Meanwhile, the Paragraph 3 of Article 218 of the TFEU lays down:

“3. The Commission, or the High Representative of the Union for Foreign Affairs and Security Policy where the agreement envisaged relates exclusively or principally to the common foreign and security policy, shall submit recommendations to the Council, which shall adopt a decision authorising the opening of negotiations and, depending on the subject of the agreement envisaged, nominating the Union negotiator or the head of the Union’s negotiating team.”

With that short overview of the legal situation there is clearly visible that ‘in special cases’ the TFEU gives the priority to the COM in other cases to the Council (=the Member States led by the rotating EU Presidency), not to mention the EEAS. Since the legal hierarchy between the TFEU and the TUE is not clear, yet, the final resolution of this competency discussion is still open.

As a consequence of the complexity of the EU, in some cases the competence of the EU and the Member States are clearly distinguished. However, in some special cases (and the international environmental related affairs such as the agreement on Mercury or in the public health international negotiations lead by WHO belong to those ‘special cases’) it is not clear at all, where can speak on behalf of the EU.

And since it is not clear, the usual results are endless internal negotiations, confusions, and either a completly empty ‘common position’ which could have been agreed upon by all EU player as a compromise or a cacophony of the EU players (EEAS, COM, MS) without having a unique voice.

After this long presentation, we reached the original question: does the EU need a single voice to speak?

Instead of giving clear answers, may I put forward 3 basic sub-questions to be answered before adressing the original question:

1. Who is eligible to speak on behalf of the EU in each single cases? The rotating presidency articulating the opinion shaped by the most influential EU Member States? Or the EEAS? Or the Commission?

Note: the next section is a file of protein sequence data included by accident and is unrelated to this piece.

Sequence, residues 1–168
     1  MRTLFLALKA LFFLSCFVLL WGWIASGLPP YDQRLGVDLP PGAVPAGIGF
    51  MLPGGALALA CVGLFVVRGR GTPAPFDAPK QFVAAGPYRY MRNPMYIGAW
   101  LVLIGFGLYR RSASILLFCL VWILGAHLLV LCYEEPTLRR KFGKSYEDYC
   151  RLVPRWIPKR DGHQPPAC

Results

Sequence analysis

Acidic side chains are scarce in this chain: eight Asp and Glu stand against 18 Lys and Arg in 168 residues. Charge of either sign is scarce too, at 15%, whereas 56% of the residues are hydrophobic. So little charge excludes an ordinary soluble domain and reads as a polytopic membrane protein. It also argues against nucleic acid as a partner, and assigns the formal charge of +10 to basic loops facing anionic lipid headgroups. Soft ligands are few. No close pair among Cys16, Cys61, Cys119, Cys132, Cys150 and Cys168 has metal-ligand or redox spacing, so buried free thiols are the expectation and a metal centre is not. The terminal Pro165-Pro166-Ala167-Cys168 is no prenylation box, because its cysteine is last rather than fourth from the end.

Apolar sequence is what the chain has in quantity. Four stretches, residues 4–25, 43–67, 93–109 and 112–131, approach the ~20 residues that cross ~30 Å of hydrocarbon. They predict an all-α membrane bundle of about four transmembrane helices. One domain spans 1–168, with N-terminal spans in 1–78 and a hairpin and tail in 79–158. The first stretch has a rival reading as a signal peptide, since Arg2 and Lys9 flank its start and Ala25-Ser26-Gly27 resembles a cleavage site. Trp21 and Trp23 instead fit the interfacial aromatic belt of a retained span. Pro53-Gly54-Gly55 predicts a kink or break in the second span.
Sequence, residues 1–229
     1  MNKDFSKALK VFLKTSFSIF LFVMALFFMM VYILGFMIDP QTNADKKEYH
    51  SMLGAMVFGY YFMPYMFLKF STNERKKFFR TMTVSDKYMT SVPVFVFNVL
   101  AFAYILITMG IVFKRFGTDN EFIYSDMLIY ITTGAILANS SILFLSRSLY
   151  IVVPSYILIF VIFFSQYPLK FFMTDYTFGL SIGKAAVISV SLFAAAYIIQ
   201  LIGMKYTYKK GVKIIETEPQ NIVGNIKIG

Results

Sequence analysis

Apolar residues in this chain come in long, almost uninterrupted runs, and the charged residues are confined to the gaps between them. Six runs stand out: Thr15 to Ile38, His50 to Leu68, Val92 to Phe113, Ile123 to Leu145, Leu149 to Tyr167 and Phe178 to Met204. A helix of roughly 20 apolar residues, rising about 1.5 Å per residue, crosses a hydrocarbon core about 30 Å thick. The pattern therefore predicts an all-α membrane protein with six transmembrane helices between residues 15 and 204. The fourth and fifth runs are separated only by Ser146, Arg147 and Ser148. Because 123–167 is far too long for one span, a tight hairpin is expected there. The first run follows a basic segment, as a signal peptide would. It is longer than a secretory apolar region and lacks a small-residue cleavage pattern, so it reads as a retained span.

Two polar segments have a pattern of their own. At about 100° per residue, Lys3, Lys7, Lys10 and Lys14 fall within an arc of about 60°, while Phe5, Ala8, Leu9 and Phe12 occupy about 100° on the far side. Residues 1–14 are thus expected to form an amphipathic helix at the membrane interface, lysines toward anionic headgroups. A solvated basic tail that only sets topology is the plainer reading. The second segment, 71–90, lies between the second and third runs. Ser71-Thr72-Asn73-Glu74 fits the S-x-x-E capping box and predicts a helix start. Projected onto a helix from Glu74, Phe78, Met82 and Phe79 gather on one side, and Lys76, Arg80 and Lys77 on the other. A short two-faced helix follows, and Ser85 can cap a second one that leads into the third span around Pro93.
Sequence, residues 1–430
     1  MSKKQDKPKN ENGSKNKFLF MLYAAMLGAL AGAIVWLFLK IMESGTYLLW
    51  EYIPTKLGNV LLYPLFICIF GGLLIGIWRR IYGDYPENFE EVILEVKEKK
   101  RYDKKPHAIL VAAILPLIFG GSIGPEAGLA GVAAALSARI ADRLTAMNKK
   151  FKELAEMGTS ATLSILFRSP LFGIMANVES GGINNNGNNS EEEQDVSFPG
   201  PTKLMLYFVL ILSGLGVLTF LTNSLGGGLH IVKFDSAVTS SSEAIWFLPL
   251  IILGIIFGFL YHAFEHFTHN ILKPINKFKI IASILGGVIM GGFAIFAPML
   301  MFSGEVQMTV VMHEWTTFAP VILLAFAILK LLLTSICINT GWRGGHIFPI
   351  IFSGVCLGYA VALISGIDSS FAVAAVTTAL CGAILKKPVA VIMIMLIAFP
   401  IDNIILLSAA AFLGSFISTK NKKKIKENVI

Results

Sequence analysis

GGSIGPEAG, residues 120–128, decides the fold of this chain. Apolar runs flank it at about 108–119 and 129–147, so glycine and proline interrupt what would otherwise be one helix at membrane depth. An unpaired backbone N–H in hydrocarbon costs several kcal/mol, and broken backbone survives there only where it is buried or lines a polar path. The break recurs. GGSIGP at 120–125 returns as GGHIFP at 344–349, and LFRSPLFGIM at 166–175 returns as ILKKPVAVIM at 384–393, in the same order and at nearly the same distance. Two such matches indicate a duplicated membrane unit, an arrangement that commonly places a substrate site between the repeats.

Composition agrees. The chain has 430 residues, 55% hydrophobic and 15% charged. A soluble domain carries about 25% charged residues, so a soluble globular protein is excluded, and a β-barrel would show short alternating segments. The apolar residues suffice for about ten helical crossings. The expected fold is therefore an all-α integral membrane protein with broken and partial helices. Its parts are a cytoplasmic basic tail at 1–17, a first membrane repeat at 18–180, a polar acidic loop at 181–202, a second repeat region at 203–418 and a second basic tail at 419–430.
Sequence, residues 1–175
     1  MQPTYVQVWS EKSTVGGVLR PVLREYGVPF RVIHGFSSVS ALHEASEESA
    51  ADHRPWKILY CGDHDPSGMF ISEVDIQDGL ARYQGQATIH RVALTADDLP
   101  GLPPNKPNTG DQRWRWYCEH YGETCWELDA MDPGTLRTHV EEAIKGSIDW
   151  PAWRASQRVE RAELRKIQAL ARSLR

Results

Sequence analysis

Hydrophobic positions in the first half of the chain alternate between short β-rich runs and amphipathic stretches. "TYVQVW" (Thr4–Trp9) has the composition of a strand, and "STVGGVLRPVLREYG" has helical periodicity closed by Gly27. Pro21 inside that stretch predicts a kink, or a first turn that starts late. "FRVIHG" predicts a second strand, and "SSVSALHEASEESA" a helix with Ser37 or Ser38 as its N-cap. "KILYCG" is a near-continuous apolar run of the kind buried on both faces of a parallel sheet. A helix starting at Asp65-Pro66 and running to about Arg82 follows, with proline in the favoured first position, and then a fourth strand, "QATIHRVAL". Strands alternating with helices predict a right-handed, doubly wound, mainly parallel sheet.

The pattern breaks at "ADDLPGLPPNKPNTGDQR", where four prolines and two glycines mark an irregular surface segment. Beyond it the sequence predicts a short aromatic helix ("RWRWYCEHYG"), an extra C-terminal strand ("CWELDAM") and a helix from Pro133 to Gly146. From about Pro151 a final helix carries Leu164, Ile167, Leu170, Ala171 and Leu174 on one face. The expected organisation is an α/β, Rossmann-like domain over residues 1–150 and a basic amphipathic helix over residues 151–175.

2. What about the EU’s Membership (as an international organisation) in other international organizations (ex. UN, WHO, UNEP)? Sometimes, the EU has its separate membership in those organizations represented by the officials of EEAS but without having the right to vote, which make it at the same level as other international NGOs.

3. Is it really an absolute necessity to “speak in one voice” in every single cases? Would not be an extra advantage from communicational point of view if the same position was said not only by the EU represented by COM/EEAS/Presidency but also by other EU Member States [in line with the EU’s position] during the same session?

I remain at your disposal.

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Related earlier updates:

The EU-USA Agreement on the Use and Transfer of Passenger Name Records (PNR) to the US Department of Homeland Security

Thoughts on the Margin of the European Parliament’s Decision Concerning the Reports on the Negotiation of the EU-Azerbaijan and of the EU-Armenia Association Agreement

(Cover photo: Catherine Ashton © European Parliament audiovisual service)